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Evolution of Fly Fishing: 4

Thursday, 16 July 2015  |  Simon

Long before fly fishing became a sport, Oppian of Corycus, a Greek author, wrote between 177 and 180 a major treatise on sea fishing, the Halieulica or Halieutika. This is the earliest such work to have survived to the modern day. He describes various means of fishing including the use of nets cast from boats, scoop nets held open by a hoop, spears and tridents, and assorted traps which “work while their masters sleep". Oppian's description of fishing with a "motionless" net is also interesting:

The fishers set up very light nets of buoyant flax and wheel in a circle round about while they violently strike the surface of the sea with their oars and make a din with sweeping blow of poles. At the flashing of the swift oars and the noise the fish bound in terror and rush into the bosom of the net which stands at rest, thinking it to be a shelter: foolish fishes which, frightened by a noise, enter the gates of doom. Then the fishers on either side hasten with the ropes to draw the net ashore.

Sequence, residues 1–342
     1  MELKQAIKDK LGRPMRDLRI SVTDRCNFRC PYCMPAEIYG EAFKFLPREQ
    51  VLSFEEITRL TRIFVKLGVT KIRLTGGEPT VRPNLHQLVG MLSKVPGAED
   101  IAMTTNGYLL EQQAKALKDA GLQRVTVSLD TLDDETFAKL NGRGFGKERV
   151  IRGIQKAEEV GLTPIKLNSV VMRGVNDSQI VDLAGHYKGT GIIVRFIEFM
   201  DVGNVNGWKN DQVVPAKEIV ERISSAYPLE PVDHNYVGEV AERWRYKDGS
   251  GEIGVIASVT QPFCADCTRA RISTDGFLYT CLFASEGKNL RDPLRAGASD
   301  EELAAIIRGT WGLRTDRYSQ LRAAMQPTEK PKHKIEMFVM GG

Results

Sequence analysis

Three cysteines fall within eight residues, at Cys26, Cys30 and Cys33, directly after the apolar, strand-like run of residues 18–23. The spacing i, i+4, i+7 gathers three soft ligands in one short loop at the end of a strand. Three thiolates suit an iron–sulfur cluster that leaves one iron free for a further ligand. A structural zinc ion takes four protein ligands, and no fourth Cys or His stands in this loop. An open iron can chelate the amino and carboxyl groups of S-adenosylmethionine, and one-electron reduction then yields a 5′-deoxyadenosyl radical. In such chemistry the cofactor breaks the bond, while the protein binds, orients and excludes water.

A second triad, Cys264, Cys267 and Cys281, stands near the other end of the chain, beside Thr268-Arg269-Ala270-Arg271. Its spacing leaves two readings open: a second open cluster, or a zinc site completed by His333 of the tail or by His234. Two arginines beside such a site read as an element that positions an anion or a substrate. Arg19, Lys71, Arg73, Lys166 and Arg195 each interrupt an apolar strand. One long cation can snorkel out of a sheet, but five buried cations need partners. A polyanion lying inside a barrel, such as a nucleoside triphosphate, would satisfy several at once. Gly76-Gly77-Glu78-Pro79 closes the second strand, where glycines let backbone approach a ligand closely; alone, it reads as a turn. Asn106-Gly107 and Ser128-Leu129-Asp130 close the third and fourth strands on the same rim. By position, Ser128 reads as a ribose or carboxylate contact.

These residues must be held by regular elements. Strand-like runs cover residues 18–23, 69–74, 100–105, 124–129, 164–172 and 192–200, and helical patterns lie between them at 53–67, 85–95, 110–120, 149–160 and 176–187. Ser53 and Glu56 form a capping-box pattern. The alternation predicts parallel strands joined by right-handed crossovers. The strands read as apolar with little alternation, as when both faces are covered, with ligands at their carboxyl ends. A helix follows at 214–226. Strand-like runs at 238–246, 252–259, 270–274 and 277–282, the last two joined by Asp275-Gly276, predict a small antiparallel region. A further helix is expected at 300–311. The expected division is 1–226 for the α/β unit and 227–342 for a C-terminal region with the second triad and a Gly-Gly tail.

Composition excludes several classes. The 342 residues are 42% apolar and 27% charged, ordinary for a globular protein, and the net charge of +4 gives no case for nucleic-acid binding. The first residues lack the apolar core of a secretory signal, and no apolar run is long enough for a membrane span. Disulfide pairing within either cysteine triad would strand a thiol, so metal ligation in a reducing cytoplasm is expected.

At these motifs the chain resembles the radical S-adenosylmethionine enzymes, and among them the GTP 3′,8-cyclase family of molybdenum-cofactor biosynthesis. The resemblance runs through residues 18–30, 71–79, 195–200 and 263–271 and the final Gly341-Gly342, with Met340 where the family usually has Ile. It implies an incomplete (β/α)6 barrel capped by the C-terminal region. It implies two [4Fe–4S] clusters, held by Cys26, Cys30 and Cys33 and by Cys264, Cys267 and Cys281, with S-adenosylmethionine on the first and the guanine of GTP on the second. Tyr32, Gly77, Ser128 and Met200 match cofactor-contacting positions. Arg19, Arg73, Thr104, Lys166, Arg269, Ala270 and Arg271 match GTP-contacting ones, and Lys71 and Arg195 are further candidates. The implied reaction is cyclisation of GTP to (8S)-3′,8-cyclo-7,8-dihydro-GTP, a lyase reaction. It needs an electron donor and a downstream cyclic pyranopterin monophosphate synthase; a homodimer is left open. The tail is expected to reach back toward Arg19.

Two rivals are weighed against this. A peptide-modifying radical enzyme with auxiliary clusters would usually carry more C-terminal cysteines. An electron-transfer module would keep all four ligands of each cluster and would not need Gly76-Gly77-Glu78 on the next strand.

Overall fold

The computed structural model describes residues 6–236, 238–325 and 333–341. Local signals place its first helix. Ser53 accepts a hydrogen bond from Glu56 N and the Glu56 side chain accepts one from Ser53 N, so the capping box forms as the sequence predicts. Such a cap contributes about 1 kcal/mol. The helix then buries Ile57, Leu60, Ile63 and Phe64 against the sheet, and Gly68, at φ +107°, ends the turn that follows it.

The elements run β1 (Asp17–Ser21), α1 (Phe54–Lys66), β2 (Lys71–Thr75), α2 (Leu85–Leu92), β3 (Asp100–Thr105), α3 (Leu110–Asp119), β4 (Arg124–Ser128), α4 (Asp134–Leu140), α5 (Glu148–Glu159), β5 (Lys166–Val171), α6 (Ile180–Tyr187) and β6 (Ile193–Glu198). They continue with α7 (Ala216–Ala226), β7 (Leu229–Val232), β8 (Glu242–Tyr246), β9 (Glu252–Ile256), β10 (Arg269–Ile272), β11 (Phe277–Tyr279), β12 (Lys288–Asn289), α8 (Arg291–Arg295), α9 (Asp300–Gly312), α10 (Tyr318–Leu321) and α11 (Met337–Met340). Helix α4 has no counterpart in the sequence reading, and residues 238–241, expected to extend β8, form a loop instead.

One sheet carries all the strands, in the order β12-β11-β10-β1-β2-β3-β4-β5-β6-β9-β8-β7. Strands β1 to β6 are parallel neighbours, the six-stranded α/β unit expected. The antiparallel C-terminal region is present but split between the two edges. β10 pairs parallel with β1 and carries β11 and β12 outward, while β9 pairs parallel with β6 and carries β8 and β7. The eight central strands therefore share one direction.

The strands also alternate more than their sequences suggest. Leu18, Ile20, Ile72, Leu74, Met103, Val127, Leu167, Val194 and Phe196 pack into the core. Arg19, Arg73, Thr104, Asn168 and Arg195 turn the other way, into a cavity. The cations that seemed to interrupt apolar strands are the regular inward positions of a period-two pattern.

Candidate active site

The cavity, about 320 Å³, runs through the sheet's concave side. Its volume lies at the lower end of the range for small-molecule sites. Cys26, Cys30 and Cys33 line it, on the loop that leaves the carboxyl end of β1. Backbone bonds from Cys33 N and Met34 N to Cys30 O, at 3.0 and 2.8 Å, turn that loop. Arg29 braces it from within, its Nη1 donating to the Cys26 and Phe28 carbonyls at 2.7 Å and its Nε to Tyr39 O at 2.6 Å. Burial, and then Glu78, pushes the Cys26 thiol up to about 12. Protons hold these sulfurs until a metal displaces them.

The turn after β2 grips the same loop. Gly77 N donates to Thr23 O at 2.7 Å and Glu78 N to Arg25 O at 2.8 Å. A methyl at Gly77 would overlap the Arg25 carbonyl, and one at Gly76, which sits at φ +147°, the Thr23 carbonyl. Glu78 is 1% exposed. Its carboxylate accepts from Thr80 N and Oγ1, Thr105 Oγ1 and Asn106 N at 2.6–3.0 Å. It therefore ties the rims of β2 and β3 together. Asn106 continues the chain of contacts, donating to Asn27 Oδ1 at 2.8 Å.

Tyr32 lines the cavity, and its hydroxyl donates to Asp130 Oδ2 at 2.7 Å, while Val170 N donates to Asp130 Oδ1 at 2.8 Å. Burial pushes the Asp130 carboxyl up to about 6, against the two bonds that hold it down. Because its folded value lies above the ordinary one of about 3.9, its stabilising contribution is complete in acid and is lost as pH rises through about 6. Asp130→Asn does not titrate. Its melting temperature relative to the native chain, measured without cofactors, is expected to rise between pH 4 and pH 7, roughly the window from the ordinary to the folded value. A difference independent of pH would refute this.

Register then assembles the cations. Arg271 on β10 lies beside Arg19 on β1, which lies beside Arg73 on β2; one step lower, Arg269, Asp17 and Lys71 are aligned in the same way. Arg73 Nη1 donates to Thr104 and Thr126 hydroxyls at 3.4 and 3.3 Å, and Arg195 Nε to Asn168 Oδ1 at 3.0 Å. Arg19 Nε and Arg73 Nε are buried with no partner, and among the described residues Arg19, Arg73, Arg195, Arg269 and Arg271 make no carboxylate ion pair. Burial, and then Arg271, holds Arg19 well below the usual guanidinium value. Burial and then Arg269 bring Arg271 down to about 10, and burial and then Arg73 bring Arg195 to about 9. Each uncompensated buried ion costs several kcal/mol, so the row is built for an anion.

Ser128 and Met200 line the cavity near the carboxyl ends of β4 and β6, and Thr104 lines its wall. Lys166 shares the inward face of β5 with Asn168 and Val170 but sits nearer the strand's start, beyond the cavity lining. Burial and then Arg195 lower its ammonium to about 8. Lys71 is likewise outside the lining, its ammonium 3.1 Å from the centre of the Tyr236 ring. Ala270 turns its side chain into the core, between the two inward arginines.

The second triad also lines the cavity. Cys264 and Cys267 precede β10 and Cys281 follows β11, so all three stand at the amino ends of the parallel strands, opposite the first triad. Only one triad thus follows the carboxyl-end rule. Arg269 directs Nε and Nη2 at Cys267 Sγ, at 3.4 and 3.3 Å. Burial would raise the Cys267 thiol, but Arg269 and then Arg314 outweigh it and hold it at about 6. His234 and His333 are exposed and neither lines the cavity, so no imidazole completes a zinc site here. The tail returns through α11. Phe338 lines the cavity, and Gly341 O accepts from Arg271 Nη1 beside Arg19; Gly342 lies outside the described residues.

In his Histories, The Greek historian Polybius (around 203 BC–120 BC), describes hunting for swordfish by using a harpoon with a barbed and detachable head.

Pictorial evidence of Roman fishing can be seen in mosaics depicting fishing from boats with rod and line as well as nets. Various species such as conger, lobster, sea urchin, octopus and cuttlefish are illustrated. In a parody of fishing, a type of gladiator called retiarius was armed with a trident and a casting-net. He fights against the murmillo, who carried a short sword and a helmet with the image of a fish on the front.

More fly fishing history in future blogs.

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